The dismissal was only a temporary respite. By August, David was charged and arrested for unlawful cohabitation, despite his second wife Ida going into hiding two months earlier. All but one of the witnesses signing the indictment were members of the St. Johns Ring, whom Ida in her journal insisted, “knew nothing whatever of our family affairs, except from hearsay.”
In November, David stood trial in Prescott, Arizona. However, the prosecution failed to subpoena Ida and compel her testimony, and without further evidence the court found David not guilty. David was fortunate; three Latter-day Saint neighbors were convicted in the same timespan. By January 1885, Church prophet-president John Taylor was advising members to flee Arizona and migrate to Mexico, beyond the reach of the U.S. government. David stayed in St. Johns, but some forty other families packed up and left town.
David, perhaps, should have also left. In the summer of 1885, a grand jury convened to attempt a second indictment for the previously dismissed perjury charge, and this time the court did not inform David. Without his testimony, the grand jury indicted David for perjury.
At the trial itself, Judge Howard Sumner presided. Sumner was a respected jurist and frequent speaker on the evils of polygamy. In David’s trial, Sumner sustained the prosecution’s objections to defense testimony and evidence, effectively excluding all possible proof that might have exonerated David. The jury returned a guilty verdict after 30 minutes. In response, David wrote this prayer: “Oh God, please deliver me… If I am to suffer imprisonment, let it be for my religion and not for the heinous crime that will be a disgrace to me and my family throughout life.” By September 1885, David was serving his prison sentence in Detroit, Michigan.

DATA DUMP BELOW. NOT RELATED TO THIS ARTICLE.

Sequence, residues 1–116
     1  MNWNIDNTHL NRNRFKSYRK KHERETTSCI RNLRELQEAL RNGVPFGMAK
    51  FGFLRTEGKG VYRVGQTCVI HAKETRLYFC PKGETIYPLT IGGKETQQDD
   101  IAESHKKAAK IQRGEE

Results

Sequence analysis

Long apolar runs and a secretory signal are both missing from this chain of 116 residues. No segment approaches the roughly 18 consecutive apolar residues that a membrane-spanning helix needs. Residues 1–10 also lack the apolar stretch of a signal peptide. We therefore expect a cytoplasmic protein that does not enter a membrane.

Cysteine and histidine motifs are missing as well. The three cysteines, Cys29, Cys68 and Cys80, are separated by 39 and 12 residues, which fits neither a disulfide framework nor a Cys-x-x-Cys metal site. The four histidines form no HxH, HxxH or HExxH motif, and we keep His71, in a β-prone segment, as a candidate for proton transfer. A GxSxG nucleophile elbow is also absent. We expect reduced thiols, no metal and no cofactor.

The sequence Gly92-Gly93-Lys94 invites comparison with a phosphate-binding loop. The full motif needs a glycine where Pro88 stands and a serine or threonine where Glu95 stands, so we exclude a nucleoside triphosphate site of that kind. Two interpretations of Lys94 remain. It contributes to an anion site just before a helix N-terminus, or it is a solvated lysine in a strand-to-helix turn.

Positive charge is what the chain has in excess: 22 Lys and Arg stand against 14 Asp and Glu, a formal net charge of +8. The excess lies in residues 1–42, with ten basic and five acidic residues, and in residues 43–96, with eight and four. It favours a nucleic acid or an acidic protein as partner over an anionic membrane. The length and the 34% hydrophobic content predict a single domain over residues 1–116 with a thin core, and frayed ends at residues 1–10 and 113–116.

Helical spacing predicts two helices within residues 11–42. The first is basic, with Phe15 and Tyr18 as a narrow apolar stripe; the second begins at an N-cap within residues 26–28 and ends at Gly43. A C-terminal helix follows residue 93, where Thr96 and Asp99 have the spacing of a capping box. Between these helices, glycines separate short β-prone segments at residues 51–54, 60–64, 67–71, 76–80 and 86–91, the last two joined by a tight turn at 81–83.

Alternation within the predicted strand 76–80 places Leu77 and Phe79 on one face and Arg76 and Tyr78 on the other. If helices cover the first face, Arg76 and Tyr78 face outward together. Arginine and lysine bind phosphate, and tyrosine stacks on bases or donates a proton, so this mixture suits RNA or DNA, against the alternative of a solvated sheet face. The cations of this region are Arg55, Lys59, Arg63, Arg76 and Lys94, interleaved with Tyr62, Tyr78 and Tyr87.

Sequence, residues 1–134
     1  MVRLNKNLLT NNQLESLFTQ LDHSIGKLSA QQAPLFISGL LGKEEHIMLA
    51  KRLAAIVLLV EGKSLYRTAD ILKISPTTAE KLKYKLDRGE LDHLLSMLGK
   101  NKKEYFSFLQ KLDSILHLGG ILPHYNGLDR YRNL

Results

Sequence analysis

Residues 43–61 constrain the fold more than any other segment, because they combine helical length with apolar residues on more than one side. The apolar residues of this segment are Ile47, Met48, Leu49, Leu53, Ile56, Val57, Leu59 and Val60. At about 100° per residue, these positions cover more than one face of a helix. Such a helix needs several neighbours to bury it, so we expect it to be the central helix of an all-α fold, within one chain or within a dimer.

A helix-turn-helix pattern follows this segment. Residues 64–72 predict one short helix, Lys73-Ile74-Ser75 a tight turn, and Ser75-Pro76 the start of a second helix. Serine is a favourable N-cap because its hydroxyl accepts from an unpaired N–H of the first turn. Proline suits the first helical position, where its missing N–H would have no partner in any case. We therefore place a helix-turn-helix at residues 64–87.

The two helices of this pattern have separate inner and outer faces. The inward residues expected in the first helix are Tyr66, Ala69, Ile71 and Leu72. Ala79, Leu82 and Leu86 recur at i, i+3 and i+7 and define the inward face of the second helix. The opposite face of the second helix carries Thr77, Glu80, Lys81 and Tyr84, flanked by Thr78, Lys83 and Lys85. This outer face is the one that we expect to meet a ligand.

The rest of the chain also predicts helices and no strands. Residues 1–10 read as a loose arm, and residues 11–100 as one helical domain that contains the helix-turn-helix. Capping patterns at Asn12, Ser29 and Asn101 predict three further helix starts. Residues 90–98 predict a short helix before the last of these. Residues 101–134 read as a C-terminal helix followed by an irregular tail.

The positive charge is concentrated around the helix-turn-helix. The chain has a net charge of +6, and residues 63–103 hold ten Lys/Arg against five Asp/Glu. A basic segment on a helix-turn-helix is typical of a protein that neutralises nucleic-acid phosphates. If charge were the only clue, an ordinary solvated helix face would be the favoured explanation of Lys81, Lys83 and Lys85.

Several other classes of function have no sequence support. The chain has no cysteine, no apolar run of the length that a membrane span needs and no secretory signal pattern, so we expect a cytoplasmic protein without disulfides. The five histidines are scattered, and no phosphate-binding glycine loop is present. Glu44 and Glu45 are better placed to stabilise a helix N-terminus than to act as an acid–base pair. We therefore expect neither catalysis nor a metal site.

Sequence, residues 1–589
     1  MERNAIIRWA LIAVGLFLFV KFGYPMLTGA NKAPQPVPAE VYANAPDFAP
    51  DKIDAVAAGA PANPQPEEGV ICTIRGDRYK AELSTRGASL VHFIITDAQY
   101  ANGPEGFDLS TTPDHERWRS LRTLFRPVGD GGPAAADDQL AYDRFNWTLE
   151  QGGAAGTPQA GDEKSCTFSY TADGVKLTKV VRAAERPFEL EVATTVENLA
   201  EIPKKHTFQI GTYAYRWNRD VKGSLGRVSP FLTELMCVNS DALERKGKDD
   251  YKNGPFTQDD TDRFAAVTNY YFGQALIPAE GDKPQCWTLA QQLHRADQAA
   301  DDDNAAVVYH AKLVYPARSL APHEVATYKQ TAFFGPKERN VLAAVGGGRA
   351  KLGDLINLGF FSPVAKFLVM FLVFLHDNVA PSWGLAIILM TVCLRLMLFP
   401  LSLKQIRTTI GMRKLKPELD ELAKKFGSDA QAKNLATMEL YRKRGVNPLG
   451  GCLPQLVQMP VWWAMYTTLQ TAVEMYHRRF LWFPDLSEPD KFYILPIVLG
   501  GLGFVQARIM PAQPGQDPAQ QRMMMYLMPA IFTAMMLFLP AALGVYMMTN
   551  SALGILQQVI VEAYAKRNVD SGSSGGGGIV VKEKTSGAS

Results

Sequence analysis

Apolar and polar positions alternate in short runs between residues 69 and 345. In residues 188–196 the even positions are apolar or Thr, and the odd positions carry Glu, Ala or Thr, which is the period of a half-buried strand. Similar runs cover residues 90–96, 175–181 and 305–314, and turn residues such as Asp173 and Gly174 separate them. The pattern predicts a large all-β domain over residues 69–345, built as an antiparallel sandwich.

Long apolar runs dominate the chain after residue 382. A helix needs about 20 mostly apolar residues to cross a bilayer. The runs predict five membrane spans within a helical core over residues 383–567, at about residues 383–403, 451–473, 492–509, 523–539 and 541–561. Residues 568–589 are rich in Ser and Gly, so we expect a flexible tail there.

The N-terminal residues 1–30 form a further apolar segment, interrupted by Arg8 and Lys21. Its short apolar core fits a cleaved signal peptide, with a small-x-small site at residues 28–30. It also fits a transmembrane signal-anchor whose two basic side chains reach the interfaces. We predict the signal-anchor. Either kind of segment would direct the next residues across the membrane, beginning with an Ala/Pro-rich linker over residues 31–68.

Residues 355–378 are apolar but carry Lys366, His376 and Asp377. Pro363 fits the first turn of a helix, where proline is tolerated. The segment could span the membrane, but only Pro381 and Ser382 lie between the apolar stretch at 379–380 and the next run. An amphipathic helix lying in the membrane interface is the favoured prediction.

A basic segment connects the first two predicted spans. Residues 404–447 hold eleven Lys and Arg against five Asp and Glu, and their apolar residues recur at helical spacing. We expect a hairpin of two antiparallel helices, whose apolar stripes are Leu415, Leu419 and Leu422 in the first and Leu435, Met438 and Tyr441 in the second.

This was the St. Johns Ring’s last anti-Mormon victory. Some unknown disagreement between Barth and the others caused him to split from the Ring. Meanwhile, former sheriff Hubbell had begun forming business relationships with Mormons, and district clerk Ruiz had actually tried to testify on David’s behalf before Sumner ruled against the defense. The two of them left the Ring, and they even signed on to a letter to President Grover Cleveland asking him to pardon David. Cleveland did, freeing David in December 1885.
By 1887, the Ring fell apart. McCarter was dismissed as court commissioner due to alcoholism, and Barth went to prison for two years as the territorial court turned against him and found him guilty of destroying county records. Meanwhile, by 1888 David moved to Round Valley, Arizona, where he lived for several years before eventually moving back to St. Johns with his family and going on to build a home there and become a stake president for the Church. After his prison sentence, Barth also returned to St. Johns. Having apparently mellowed out toward Mormons by the time he died in 1928, Barth requested his funeral be held in a Latter-day Saint chapel. Levi Udall, David’s son, conducted the service.